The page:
In the end, we arrived in plenty of time for our ferry, stopping in the car park of Ullapool’s Tesco to eat sausage rolls, as we wouldn’t be eating until we got to the other side. The ferry journey passed happily enough – we spent most of the journey outside on the deck, not yet at that stage feeling comfortable hanging around indoors with strangers, though everyone was masked. But the weather was good, and the ferry not very crowded at all. We went to Stornoway’s Co-op after our 8pm arrival, ate some food and did a big shop, and then were in the Harris cottage before 10. A successful journey!
The two and a half weeks until our departure passed smoothly; we did a bit of work and a lot of relaxing, and were very happy we’d come!
Sitting on the A9 road that runs from the Scottish central belt up to Inverness, I’ve ended up passing Aviemore many times on various trips to the Highlands, and particularly on the way to Ullapool for the Stornoway ferry. However, I think I’ve stopped there for a significant period only once before: on my summer 2014 driving-and-camping trip around Scotland with my school friends Cabbage, Joystick, Climbing Programmer and Geochunderer.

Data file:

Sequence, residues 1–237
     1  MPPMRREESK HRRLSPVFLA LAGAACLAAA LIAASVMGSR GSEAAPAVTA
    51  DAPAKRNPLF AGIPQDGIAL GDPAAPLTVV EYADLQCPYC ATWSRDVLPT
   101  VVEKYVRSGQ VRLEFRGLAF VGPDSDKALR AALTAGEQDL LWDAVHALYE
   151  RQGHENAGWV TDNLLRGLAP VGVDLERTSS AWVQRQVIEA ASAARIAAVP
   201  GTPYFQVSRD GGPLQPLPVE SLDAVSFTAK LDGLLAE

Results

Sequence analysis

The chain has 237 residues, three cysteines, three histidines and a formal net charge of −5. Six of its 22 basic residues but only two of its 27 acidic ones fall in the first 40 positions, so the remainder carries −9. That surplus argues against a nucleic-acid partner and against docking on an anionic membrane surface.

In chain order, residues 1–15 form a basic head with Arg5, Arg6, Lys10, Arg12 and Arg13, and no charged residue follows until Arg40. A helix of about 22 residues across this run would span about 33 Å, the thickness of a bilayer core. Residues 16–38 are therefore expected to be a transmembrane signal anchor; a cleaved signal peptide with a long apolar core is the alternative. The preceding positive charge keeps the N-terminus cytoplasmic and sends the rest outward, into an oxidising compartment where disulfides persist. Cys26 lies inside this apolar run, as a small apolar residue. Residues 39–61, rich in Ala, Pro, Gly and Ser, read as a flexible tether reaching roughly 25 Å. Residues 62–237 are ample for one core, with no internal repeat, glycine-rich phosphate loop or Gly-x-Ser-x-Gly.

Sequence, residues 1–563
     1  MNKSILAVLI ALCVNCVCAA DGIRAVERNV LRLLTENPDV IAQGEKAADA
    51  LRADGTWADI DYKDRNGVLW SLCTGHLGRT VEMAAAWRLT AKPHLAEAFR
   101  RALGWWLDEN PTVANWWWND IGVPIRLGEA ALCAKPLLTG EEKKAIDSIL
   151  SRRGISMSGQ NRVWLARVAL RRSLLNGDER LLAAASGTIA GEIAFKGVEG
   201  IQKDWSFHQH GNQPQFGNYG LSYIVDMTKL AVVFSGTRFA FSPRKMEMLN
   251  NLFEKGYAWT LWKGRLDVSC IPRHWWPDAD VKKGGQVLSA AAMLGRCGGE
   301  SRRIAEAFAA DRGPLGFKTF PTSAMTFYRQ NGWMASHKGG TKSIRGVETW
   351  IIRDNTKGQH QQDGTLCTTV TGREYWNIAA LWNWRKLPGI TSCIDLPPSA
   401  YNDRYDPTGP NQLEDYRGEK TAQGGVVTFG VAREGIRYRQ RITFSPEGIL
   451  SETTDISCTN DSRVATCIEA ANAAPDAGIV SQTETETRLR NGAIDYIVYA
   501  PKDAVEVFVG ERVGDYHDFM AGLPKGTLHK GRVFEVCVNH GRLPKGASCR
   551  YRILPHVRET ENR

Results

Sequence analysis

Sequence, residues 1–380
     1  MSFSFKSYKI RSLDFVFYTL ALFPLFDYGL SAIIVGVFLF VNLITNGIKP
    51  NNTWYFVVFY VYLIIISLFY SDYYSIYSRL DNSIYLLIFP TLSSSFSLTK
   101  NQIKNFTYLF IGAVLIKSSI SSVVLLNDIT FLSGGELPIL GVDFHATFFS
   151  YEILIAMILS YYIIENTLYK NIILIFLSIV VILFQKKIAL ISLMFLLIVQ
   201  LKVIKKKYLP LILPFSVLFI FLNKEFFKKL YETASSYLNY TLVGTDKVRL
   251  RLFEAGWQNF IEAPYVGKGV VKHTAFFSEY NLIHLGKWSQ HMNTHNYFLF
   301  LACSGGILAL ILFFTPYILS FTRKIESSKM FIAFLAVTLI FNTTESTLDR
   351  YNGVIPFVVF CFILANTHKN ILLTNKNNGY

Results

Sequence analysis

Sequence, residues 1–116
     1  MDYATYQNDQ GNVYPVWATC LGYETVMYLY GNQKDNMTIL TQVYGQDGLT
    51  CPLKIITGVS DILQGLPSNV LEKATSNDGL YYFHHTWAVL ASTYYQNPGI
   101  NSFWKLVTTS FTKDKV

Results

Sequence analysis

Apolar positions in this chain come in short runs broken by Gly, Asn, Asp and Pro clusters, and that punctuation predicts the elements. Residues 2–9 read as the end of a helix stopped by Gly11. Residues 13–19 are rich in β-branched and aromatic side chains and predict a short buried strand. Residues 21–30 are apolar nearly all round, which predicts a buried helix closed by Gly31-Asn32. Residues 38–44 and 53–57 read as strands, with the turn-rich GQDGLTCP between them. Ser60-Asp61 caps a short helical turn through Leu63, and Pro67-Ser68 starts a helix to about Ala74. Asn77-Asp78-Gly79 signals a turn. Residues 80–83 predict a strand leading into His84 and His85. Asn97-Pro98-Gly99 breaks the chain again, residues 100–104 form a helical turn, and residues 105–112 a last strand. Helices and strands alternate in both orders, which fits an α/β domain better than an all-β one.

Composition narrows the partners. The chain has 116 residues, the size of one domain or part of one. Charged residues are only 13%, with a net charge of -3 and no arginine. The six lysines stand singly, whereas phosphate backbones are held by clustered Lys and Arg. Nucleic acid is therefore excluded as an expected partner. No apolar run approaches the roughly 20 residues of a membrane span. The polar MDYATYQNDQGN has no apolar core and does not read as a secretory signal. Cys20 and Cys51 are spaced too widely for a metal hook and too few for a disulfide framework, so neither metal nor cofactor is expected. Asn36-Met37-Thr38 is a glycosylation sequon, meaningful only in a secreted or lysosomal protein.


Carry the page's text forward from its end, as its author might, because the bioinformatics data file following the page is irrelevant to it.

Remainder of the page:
For most of the trip, the group was me, Cabbage, Joystick and Climbing Programmer, and our holiday started off with a stint in Edinburgh, followed by the Uists and Skye. After that, we drove on to Fort Augustus in the Great Glen, and set up in a campsite there that would be our home for the next five or so days. It was during this period that Geochunderer, the fifth member of our old school friendship group, who unfortunately wasn’t able to make the whole trip, joined us for a few days.
Now, being in the Highlands, we were all quite keen to see some big mountains, however, it being a fairly lazy holiday, we weren’t feeling like any serious hiking. It was for this reason we decided to make a day trip out to Aviemore, which not only sits at the edge of the Cairngorm mountains, but has Cairn Gorm itself, which has the benefit of a road going a good chunk of the way up it and, for those so inclined, the aforementioned funicular up to the very top!